In yet another implementation, the invention includes a collapsible bag comprising a bladder layer, an outer layer, and a spout. The bladder layer includes a pair of inner opposed panel sections sealed together to provide an enclosed region, and one of the inner panel sections has a first product-dispensing hole therethrough. The outer layer includes a pair of outer opposed panel sections covering the bladder layer and are sealed together, and one of the outer panel sections includes a second product-dispensing hole therethrough aligned with the first product-dispensing hole. The spout has a flange attached to the outer layer and covers the first and second product-dispensing holes, and the flange has a scored surface facing the enclosed region.

In one implementation, the scored surface includes a plurality of upstanding ribs.

In one implementation, the bag further includes a plurality of ribs located on a surface of one of the inner panel sections facing the enclosed region.

In another implementation, the bladder layer and outer layer are heat sealed together along first and second side edges to form first and second side seals, and along top and bottom edges to form top and bottom seals, and the spout is located adjacent to the top seal. The flange may engage the top seal.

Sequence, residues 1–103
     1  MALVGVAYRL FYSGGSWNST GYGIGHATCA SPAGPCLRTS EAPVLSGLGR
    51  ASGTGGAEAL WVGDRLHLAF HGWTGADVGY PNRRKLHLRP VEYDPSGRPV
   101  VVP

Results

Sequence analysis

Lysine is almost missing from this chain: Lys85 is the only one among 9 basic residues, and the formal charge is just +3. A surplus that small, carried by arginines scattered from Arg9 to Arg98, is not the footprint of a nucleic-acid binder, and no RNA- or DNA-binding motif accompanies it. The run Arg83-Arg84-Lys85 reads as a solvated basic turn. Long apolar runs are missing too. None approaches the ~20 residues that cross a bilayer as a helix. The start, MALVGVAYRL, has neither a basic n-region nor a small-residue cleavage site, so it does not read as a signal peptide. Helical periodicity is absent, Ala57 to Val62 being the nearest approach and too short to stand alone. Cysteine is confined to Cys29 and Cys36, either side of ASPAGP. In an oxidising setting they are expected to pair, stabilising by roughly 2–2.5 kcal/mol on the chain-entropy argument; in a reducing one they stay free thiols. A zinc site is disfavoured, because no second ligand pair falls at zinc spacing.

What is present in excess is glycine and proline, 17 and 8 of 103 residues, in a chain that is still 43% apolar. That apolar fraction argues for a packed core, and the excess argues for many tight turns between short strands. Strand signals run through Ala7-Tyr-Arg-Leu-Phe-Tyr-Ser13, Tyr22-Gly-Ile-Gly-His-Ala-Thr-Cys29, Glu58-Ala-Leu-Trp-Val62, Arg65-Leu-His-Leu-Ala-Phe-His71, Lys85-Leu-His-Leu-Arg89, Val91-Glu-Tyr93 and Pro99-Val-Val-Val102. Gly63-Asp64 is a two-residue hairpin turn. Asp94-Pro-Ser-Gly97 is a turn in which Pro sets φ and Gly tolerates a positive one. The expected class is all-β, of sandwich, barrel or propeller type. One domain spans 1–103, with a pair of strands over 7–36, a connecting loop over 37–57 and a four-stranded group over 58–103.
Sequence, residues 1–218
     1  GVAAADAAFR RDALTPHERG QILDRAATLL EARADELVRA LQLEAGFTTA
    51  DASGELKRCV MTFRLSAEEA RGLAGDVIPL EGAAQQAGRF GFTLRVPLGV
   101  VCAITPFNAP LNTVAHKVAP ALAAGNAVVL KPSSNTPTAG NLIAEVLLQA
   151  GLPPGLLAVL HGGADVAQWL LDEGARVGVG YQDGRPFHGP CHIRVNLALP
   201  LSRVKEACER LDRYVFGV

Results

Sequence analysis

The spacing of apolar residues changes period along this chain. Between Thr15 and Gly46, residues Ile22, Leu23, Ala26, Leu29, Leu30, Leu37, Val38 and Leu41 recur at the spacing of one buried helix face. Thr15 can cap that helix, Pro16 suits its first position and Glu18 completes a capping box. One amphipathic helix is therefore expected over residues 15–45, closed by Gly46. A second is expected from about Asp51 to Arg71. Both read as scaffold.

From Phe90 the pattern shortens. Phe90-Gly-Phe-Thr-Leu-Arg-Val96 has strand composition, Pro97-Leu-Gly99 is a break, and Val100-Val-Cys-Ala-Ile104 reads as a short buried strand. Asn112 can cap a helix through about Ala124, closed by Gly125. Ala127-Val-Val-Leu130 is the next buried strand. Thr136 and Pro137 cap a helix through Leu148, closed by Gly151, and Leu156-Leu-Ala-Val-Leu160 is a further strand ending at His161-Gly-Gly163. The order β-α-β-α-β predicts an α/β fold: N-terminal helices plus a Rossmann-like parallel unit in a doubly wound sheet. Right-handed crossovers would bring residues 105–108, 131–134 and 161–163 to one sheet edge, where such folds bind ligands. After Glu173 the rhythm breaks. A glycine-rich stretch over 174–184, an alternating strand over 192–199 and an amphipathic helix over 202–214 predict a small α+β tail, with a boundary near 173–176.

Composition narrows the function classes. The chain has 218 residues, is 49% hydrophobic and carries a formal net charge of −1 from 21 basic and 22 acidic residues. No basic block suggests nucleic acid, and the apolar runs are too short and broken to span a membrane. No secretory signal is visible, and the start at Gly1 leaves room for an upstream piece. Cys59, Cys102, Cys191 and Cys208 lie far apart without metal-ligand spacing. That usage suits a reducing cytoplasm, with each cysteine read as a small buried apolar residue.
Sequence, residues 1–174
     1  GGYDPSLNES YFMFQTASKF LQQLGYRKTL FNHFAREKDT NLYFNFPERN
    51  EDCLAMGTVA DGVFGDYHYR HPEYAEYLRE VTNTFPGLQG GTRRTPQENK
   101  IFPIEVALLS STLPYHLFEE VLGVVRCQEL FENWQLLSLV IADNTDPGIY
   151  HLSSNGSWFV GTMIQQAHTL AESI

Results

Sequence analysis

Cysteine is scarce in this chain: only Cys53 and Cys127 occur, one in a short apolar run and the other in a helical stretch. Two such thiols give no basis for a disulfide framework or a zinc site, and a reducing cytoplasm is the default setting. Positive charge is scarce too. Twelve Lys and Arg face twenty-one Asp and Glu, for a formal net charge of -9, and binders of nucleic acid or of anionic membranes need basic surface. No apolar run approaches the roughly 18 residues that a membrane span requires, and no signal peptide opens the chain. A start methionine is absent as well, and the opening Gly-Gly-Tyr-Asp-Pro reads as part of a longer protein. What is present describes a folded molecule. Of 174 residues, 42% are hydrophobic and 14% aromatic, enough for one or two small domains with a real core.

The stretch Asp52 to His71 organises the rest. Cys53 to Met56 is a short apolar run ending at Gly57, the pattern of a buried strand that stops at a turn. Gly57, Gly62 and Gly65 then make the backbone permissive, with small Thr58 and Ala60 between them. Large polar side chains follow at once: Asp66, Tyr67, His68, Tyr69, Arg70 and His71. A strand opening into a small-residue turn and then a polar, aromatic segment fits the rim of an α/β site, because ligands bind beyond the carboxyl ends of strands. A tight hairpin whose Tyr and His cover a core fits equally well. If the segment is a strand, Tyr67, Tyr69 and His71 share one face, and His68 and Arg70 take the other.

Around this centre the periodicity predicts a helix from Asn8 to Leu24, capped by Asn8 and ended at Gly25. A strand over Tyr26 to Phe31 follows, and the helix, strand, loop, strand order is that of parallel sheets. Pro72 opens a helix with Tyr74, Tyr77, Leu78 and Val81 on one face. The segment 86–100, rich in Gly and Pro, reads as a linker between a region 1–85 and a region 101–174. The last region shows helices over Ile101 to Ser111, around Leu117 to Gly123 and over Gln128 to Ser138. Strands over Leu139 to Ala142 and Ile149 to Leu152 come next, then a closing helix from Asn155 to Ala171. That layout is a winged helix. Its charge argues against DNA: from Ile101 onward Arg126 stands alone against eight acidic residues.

The above summary of the present invention is not intended to describe each illustrated embodiment, or every implementation, of the present invention. This is the purpose of the figures and the detailed description which follow.

BRIEF DESCRIPTION OF THE DRAWINGS

Other aspects and advantages of the invention will become apparent upon reading the following detailed description and upon reference to the drawings in which:

FIG. 1 is a front plan view of a bag-in-box bag, in accordance with the present invention;

FIG. 2 is a cross-sectional view taken along the line II--II in FIG. 1 of the bag-in-box bag, in accordance with the present invention;

FIG. 3 is an alternative embodiment of a cross-sectional view along the line II--II in FIG. 1 of the bag-in-box bag, in accordance with the present invention;